Public records provided by the Financial Industry Regulatory Authority (FINRA) on July 11, 2016 indicate that Washington-based Hornor Townsend & Kent broker/adviser Fernando Pohina has been the subject of a customer complaint. The securities and investment fraud law firm Fitapelli Kurta is interested in speaking to investors who have complaints regarding Mr. Pohina (CRD# 5624328).
Fernando Pohina has spent six years in the securities industry and has been registered with Hornor Townsend & Kent in Bellevue, Washington since March 2015. Previous registrations include Pruco Securities in Bellevue, Washington (2013-2014) and AXA Advisors in Bellevue, Washington (2009-2013). He is a registered broker and investment adviser with four US states: California, Colorado, Texas, and Washington.
According to his BrokerCheck report, Fernando Pohina has received one customer complaint and was discharged from his previous employer.
In 2014, Fernando Pohina was terminated from his position at Pruco Securities following allegations he “facilitated the use of unapproved marketing materials by registered representatives.”
In 2012, a customer alleged Fernando Pohina, while employed at AXA Advisors, misrepresented material facts related to a variable annuity investment. The complaint settled for a waiver of surrender charges.
In 2010, the Internal Revenue Service filed a tax lien totaling $15,043 against Fernando Pohina. The lien remains outstanding.
Variable annuities are similar to mutual funds, though they have three primary additionally features which mutual funds do not: a tax-deferred treatment of earnings, a death benefit, and payout options that can provide guaranteed income for the rest of the investor’s life. One of the common complaints regarding variable annuity investments is that a broker or investment adviser failed to inform an investor about the various sales charges and fees associated with variable annuities. In particular, many aggrieved investors file complaints with investors who, they allege, failed to educate them about a variable annuity’s surrender charge. A surrender charge is a sales fee incurred when investors withdraw money from the variable annuity within a certain period of time after the purchase—typically within six to eight years, though the specific number depends on the product. Surrender charges are typically used to pay a commission to your broker or investment adviser, and are typically a percentage of the amount withdrawn. Investors who fail to properly educate their customers about a product’s surrender charge may be subject to disciplinary action by FINRA or the Securities and Exchange Commission.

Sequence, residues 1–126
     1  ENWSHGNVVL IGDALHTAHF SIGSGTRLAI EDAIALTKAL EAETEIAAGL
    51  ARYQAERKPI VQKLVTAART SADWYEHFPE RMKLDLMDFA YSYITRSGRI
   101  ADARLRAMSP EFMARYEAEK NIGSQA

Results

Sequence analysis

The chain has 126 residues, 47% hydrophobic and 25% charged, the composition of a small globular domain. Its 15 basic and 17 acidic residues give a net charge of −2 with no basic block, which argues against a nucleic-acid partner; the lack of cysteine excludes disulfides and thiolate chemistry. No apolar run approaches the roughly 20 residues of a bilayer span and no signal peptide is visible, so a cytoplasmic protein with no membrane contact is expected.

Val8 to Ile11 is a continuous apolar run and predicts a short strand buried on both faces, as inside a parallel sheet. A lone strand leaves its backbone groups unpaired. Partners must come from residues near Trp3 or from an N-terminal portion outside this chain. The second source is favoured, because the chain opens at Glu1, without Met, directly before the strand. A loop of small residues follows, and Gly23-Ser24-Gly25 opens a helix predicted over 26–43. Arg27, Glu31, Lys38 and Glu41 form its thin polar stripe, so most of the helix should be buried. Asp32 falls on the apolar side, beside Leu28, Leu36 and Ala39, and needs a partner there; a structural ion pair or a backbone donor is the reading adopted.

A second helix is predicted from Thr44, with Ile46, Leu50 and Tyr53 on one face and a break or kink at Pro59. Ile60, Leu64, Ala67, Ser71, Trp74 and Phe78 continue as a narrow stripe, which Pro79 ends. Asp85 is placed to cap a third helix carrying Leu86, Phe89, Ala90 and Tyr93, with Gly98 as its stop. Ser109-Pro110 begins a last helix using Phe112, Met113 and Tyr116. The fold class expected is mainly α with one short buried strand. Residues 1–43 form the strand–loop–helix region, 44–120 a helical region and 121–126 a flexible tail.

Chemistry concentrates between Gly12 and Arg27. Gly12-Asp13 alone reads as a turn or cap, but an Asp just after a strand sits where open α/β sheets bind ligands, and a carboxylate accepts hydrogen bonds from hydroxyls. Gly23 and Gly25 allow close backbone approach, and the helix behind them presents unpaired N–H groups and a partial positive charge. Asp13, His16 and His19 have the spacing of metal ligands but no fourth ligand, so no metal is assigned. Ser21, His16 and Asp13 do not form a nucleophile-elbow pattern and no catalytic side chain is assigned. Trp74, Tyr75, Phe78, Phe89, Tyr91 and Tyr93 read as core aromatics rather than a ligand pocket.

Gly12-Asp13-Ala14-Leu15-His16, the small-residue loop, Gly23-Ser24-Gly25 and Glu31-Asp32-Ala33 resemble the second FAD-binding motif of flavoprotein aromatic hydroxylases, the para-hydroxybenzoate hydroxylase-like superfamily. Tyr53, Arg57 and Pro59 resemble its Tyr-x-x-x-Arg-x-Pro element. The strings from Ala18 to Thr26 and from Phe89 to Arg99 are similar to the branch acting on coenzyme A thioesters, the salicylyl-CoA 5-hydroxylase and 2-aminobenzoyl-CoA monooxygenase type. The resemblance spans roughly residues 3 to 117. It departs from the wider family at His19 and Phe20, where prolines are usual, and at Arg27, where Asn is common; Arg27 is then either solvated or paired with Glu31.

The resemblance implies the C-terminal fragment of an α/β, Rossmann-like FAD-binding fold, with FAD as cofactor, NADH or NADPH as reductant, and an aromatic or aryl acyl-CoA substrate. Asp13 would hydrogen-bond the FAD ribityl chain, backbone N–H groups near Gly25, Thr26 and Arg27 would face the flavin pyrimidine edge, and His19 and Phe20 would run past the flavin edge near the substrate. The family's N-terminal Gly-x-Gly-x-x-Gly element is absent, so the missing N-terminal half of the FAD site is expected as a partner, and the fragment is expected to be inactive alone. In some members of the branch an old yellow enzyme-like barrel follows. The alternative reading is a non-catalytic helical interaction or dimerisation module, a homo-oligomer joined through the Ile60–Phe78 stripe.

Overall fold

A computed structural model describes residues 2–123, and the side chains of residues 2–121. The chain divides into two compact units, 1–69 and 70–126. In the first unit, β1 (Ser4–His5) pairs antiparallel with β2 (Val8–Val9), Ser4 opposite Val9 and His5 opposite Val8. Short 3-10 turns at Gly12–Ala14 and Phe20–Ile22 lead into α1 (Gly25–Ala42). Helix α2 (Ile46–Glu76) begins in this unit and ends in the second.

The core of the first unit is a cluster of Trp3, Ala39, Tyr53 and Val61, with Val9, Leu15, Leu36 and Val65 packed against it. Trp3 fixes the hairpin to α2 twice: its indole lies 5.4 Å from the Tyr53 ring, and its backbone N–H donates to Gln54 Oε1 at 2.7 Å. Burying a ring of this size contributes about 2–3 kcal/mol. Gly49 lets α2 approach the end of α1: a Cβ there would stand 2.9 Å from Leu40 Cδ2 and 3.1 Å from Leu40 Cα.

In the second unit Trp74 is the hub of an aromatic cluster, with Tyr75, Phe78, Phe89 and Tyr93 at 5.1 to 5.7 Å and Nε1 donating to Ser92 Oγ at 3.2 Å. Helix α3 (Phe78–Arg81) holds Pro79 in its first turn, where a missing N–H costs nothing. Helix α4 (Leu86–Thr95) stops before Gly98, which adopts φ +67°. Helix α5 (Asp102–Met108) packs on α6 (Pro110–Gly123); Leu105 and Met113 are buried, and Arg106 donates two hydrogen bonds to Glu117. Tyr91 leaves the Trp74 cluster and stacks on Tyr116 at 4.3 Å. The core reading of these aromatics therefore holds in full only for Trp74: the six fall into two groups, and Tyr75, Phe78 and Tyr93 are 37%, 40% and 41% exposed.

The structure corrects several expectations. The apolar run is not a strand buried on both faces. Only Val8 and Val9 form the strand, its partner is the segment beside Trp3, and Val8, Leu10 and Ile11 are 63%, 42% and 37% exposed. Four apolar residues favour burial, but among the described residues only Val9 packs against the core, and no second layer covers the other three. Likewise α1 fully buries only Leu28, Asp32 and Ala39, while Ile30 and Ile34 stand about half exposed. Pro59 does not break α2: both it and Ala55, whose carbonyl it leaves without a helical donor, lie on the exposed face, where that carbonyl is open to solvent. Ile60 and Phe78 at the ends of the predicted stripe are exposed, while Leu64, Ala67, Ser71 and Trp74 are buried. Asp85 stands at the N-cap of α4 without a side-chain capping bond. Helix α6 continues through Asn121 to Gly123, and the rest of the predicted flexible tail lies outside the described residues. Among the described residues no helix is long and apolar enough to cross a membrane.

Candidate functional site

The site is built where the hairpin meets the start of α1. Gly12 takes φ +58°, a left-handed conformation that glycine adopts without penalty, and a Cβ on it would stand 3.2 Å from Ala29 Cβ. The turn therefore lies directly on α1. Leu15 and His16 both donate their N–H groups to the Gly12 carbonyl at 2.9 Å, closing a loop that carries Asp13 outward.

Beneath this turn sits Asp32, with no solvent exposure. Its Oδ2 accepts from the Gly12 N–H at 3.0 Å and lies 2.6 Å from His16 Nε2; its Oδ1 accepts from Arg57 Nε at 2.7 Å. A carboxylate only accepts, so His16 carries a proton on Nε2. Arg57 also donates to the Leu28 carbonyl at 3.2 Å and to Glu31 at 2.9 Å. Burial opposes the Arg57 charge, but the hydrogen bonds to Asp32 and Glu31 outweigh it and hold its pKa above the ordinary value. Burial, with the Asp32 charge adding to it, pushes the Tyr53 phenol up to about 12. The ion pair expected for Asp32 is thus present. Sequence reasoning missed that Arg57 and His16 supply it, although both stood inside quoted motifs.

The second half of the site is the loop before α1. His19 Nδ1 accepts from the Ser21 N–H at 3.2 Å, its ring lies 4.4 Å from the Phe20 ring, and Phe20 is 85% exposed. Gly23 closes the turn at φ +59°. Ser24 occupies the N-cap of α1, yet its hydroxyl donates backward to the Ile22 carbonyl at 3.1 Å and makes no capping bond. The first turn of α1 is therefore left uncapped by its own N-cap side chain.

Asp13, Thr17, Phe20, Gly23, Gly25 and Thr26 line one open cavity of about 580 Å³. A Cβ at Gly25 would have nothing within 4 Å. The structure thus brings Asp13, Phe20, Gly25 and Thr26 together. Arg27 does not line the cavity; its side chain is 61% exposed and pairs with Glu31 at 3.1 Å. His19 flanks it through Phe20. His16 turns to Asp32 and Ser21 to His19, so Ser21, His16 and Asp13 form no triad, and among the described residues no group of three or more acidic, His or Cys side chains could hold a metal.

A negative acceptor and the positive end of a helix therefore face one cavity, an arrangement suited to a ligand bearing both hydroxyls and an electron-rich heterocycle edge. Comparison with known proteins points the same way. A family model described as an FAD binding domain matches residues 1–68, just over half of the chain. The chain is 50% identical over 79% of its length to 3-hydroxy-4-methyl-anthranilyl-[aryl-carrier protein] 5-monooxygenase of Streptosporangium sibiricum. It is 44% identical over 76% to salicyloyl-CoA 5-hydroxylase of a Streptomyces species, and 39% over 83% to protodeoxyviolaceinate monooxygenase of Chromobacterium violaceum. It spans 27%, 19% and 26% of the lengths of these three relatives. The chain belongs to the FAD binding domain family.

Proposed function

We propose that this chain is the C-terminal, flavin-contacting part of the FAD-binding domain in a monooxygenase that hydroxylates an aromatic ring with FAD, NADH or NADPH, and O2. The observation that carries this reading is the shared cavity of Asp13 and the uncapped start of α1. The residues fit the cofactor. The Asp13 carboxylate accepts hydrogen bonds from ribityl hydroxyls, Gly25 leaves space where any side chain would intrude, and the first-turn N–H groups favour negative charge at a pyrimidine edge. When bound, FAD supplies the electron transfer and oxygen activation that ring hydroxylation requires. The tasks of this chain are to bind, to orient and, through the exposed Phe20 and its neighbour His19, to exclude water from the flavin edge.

If you have lost money investing with Fernando Pohina, you may be able to collect lost funds. Call the securities and investment fraud law firm Fitapelli Kurta at 877-238-4175 for a free consultation. All cases are taken on contingency: Fitapelli Kurta only gets paid if and when you collect money. Time to file your claim may be limited, so we recommend you avoid delay. Call 877-238-4175 now to speak to an attorney for free.